Charles also tells us that you can order a half (demi) baguette (baguette) in your boulangerie (bakery) if there’s only one of you to eat it, as whatever you can’t manage to eat if you get a whole baguette will be as hard as a rock the next day. So tonight I did just that, and it worked. Nobody batted an eye. I felt like a local.

The fruit and vegetable shop and chocolaterie are tempting............................................ ...........


and the cafe/bookshop where you can sip coffee ( but not decaffeinated = “deca”) or tea and browse through the books is very comfortable (cafe/librarie)





How to look like you speak French:

A lot of French sounds are made with the lips pursed forwards (reminiscent of wine-tasting) , even though the sound itself is made somewhere in the back of the throat, like halfway through a yawn. So, tuck the local paper under your arm, purse your lips slightly, tilt your head a bit to the right, add a mildly sardonic smile, shrug the shoulder on the same side while spreading the hands palms forwards, and you will have had a completely intelligible conversation. Today I managed to not buy some meat, to not buy a skirt, and to not wait for the next tour all in perfect French while barely uttering a sound. So far I have only tilted my head to the right, the consequence of having a slightly pinched nerve, so I make no guarantees about tilting to the left. (It is much as in India where a little wobble of the head immediately breaks down the barriers, indicating that neither party is flummoxed by what is being negotiated and all will be sorted out, however the wobble is to the left and to the right so covers both directions)

If uttering a greeting, start at a relatively high pitch, and singsong your way down. BONjour madam flows downwards in three or four steps. If you are being friendly, or if you’re a shopkeeper with high hopes for this particular customer, it’s four steps down; if a bit pushy or making a point (that skirt is obviously not your size), the “madam” is all on one note, a good hike below the “bonjour”.

Note: To sound even more authentic, blow slightly over your back teeth while talking, much like a balloon slowly deflating. “Oui” (“yes”) becomes more like “wheee”. It works a treat. “Merci” ( Thank you) trails off at the end with a little gust of wind. Particularly useful for seeming authentic if “Oui” and “Merci” are the only words in your vocabulary.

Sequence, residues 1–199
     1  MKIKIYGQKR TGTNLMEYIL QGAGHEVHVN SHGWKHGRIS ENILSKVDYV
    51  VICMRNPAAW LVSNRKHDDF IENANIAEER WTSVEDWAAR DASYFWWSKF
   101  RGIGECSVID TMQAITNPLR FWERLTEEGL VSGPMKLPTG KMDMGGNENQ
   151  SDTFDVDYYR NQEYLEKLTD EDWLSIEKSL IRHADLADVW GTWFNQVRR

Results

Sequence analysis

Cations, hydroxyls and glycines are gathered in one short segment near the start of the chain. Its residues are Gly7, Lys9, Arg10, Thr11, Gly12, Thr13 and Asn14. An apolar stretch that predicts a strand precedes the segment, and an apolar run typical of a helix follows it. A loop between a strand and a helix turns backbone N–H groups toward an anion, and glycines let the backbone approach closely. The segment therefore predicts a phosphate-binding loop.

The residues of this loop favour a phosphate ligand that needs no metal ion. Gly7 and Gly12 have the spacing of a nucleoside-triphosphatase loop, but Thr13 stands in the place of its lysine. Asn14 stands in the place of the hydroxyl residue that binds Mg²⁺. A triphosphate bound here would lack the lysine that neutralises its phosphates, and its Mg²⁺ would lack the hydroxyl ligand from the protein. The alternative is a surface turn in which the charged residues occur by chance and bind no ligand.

The two museums nearby contain paintings, crockery, coins, swords, jewellery, musical instruments, bonnets, icons, flints, furniture, and much more. It is always poignant to see objects which have outlived their owners. These, by centuries. At home I have a pair of scissors on which is inscribed, “Not to be removed from the Rectory”. They belonged to my mother’s father who was a minister in the Church. He is gone now, as is she, and all of the people to whom the scissors belonged, and all of the people who might have borrowed them. And the rectory. But in my hand I can hold those very scissors, still asking to be returned.

Here the oldest artefacts are from the first century A.D. And they are all local.

Apparently, as soon as people figured out how to forge iron, they made jewellery in order to be more beautiful, and swords and arrows and axes in order to kill each other. The earliest gun had beautiful decorative bone inlay...clearly not owned by someone who expected to get shot.

There were two bows- one a crossbow which needed a winch to pull it into firing position, the other used to make music on a five stringed instrument. I wonder which came first?


Little toy wild boar to give to your hunter friends.




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And here’s the cat again, and some joyful “silverbeet” from the Tangled Garden in Nova Scotia because I left it out of the photos before.